With all that's going on in our world these days, you may not have noticed that the costs the oil and gas producers are paying for their projects are being ratcheted up. And beyond that, those costs likely will continue higher, as projects canceled last year are brought back on stream in 2010 and beyond. It also could be just the reason you should pay more attention to oilfield services.

Take BP (NYSE: BP) and Royal Dutch Shell (NYSE: RDS-A); both companies had set their sights on additional cost-cutting, following a strong effort in 2009 when BP in particular was able to shave $4 billion from its expenses. Shell's target was a reduction of about $1 billion this year, but it appears doubtful that the two producers will find savings as easy to come by in 2010.

With crude oil prices edging upward toward $80 a barrel, more than double last year's low, a number of projects that were shelved in late 2009 are back in the picture. Further, the going rates for engineers and raw materials such as steel are heading higher. The result will make it difficult for the members of Big Oil to proceed on their large or remote projects and raise their production, while trimming costs.

Take the two largest U.S.-based producers, ExxonMobil (NYSE: XOM) and Chevron (NYSE: CVX). Exxon, in addition to participating in Chevron's big Gorgon LNG project off the Australian coast, now also finds itself exploring in a number of high-risk -- and consequently high-cost -- areas, from Madagascar to Greenland. In many of the places where the company is operating, a single well can cost more than $100 million. Combined with Gorgon's required cash outlays, Exxon's capital spending could approach the top end of its $25 billion to $30 billion budget.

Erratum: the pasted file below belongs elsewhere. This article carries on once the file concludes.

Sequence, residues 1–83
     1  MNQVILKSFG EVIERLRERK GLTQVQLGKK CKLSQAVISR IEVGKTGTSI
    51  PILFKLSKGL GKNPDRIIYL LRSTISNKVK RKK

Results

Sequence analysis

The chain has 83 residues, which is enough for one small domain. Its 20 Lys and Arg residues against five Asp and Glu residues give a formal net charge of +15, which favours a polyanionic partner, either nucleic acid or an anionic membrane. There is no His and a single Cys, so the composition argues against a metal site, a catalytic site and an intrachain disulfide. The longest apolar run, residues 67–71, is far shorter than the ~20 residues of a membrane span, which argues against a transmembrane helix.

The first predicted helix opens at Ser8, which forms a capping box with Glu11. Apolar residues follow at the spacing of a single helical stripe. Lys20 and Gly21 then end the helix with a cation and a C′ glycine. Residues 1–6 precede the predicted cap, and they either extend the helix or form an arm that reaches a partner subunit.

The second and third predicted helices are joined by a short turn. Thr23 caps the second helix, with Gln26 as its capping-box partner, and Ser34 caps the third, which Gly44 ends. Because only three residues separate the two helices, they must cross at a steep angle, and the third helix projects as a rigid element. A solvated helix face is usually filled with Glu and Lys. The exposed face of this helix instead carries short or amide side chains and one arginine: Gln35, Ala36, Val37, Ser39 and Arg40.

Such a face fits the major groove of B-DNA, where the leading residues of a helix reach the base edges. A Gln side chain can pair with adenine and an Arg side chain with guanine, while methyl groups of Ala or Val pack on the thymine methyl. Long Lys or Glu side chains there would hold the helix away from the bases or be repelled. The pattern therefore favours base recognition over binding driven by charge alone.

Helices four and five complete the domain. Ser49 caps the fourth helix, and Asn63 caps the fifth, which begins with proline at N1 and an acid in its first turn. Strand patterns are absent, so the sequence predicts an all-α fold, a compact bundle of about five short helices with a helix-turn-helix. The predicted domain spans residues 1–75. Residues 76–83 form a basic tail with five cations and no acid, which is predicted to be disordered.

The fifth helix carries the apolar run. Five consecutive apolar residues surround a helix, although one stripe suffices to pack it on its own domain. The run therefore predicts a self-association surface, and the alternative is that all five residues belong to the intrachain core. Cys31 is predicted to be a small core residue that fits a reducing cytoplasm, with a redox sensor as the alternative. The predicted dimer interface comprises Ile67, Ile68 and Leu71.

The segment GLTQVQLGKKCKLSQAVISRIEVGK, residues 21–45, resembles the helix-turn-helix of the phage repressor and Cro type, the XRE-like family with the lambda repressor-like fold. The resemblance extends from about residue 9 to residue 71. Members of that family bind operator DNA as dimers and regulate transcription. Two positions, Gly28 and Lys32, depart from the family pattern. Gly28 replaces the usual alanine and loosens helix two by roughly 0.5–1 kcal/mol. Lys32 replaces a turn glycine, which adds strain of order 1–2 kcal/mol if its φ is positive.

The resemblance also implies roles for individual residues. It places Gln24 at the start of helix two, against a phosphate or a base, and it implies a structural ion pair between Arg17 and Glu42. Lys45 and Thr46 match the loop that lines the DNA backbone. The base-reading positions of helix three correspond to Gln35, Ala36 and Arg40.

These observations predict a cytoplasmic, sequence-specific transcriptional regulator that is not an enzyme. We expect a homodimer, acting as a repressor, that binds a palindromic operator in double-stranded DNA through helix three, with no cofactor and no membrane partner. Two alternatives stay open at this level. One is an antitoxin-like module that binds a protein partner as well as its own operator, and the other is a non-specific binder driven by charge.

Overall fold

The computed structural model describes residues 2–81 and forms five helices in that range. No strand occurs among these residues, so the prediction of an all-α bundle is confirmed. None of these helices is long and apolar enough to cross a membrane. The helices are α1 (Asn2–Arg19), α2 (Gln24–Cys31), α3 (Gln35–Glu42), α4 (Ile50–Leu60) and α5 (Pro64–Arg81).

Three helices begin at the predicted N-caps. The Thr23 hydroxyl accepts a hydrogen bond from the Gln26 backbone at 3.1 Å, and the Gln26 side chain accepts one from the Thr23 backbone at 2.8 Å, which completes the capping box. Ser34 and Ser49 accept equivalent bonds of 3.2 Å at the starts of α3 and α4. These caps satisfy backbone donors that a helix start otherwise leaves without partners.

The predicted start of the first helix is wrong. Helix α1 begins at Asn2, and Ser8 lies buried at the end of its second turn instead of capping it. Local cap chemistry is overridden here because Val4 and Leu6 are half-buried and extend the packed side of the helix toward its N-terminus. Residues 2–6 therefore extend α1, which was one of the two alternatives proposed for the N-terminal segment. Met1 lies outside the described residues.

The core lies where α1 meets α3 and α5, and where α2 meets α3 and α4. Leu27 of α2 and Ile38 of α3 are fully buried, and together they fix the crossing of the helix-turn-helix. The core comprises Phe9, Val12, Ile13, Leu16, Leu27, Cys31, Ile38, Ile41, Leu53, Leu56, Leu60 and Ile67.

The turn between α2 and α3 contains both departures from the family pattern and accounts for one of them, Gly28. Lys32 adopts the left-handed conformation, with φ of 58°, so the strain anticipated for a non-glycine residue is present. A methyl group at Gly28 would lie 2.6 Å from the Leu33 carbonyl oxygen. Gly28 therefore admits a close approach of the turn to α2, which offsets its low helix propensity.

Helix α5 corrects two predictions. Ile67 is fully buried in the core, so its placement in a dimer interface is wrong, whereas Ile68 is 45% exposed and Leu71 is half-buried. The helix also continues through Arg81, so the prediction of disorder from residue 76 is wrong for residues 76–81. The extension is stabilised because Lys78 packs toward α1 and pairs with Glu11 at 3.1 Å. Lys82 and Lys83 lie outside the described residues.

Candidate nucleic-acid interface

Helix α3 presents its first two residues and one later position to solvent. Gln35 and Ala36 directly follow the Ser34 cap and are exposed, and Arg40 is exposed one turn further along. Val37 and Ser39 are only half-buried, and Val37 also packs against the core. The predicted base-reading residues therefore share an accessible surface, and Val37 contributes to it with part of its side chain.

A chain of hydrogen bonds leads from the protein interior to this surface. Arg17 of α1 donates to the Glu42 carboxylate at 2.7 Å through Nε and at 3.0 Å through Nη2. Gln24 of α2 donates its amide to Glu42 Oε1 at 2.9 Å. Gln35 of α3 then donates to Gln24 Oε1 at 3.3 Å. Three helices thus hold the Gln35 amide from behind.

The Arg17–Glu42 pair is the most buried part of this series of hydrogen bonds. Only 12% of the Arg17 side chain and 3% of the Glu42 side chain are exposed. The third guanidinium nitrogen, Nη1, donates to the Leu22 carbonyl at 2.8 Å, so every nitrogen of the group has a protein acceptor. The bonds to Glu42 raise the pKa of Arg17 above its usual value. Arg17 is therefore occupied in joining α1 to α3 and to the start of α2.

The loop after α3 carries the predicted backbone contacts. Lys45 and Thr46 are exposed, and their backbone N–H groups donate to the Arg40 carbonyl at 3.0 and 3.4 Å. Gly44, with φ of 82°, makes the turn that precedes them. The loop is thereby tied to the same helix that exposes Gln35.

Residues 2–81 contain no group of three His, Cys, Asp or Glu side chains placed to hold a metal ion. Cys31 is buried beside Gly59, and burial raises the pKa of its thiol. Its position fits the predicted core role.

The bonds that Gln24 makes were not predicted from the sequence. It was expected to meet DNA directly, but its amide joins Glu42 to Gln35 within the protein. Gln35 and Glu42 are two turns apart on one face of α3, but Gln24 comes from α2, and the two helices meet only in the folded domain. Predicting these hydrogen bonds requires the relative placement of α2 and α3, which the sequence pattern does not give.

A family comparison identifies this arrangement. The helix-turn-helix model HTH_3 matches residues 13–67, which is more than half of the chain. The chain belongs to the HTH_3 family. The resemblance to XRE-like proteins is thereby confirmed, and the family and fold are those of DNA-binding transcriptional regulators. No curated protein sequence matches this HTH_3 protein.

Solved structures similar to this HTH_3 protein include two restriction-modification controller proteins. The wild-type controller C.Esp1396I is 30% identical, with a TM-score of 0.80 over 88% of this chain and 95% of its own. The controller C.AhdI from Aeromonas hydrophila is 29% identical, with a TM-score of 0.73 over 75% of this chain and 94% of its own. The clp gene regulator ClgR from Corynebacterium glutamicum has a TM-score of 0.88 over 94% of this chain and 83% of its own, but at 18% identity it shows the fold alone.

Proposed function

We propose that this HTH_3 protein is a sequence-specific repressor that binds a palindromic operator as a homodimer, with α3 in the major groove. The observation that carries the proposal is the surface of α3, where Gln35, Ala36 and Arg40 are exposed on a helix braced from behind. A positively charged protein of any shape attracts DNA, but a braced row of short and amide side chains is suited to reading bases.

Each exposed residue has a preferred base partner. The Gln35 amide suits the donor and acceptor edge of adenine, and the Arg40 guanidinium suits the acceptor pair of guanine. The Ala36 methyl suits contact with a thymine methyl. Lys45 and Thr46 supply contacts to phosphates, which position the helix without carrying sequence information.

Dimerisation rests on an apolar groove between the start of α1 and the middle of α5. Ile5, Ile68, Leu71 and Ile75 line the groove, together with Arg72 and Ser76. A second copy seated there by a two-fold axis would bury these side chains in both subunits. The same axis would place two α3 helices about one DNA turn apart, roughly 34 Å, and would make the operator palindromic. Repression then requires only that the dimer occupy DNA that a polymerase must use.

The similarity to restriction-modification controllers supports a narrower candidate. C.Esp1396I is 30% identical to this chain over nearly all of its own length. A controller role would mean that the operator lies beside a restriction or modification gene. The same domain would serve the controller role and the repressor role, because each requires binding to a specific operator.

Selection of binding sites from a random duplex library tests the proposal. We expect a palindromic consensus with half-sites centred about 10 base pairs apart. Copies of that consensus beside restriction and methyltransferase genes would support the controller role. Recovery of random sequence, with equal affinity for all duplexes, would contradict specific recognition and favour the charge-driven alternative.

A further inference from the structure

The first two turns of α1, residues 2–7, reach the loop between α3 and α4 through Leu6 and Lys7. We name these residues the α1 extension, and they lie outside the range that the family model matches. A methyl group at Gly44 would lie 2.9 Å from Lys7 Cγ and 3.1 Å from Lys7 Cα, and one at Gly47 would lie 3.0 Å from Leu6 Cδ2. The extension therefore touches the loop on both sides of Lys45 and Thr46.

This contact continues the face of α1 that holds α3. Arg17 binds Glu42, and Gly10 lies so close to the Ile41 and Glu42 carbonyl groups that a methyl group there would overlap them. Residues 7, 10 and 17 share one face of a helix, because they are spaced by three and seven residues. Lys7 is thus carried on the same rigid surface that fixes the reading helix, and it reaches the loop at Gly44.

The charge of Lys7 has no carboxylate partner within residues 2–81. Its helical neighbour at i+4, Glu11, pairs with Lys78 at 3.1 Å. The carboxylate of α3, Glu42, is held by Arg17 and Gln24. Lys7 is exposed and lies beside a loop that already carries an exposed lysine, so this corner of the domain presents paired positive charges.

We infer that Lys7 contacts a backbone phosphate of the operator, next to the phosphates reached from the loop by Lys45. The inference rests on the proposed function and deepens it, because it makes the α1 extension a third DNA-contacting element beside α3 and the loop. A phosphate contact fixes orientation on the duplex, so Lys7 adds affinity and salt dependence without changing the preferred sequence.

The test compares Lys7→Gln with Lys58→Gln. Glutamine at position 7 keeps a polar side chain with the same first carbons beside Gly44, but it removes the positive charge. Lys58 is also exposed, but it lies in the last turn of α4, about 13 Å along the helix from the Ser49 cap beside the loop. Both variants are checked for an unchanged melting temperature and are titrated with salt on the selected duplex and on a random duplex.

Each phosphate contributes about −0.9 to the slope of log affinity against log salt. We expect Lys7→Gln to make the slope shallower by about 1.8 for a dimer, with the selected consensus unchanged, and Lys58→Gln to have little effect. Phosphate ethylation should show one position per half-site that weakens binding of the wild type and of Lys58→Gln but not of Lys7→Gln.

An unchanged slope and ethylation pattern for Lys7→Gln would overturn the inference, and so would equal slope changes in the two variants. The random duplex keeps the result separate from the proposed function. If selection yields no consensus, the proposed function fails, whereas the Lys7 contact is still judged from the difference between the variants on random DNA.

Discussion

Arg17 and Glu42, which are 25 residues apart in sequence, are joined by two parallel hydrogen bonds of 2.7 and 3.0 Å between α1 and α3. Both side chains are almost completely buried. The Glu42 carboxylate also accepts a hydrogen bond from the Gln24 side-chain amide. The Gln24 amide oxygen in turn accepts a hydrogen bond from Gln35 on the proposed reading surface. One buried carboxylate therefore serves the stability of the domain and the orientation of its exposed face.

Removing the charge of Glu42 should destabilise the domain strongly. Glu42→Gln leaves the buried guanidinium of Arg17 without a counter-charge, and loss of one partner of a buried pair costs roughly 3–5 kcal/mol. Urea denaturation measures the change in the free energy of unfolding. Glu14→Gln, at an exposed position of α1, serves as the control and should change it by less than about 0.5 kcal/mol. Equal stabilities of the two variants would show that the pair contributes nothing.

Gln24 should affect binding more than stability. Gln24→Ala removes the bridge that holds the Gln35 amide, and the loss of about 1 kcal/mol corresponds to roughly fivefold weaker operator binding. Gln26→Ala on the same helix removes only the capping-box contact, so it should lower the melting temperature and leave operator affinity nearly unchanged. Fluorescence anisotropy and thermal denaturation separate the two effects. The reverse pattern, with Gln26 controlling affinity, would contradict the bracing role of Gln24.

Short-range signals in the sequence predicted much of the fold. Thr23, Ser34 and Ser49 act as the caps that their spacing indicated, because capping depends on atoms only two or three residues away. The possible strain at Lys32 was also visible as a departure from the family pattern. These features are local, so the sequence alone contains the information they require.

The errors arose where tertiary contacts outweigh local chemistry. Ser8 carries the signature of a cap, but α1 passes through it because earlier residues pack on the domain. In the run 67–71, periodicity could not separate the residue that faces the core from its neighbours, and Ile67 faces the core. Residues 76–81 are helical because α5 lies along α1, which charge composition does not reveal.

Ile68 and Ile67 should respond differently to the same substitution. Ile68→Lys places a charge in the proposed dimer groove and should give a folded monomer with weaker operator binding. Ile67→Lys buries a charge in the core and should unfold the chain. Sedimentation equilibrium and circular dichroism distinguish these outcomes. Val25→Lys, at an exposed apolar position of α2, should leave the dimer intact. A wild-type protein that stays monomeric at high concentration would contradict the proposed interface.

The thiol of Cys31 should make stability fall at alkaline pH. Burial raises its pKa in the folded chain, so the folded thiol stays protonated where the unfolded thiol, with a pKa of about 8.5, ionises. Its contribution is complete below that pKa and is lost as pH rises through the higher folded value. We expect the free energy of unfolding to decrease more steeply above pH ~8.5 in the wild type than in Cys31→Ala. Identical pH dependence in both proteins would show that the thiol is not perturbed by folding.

Similarly, Chevron also has a number of major projects underway. First there's Gorgon, of which it is half owner and operator. The big project is expected to cost at least $37 billion. On the basis of the company's plans for the year, and backing out one-time lease payments, Chevron will probably raise its capital spending by about 5% year over year.

So who benefits most from this trend to higher prices? My quick response is the oilfield services companies, such as Schlumberger (NYSE: SLB) -- which just announced that it is buying Smith International (NYSE: SII) for $11 billion -- and Halliburton (NYSE: HAL). Therefore, as an energy investor, my first move is to focus carefully on this big services pair.

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Fool contributor David Lee Smith doesn't own shares in any of the companies named in this article. He does, however, welcome your questions or comments. The Fool has a disclosure policy.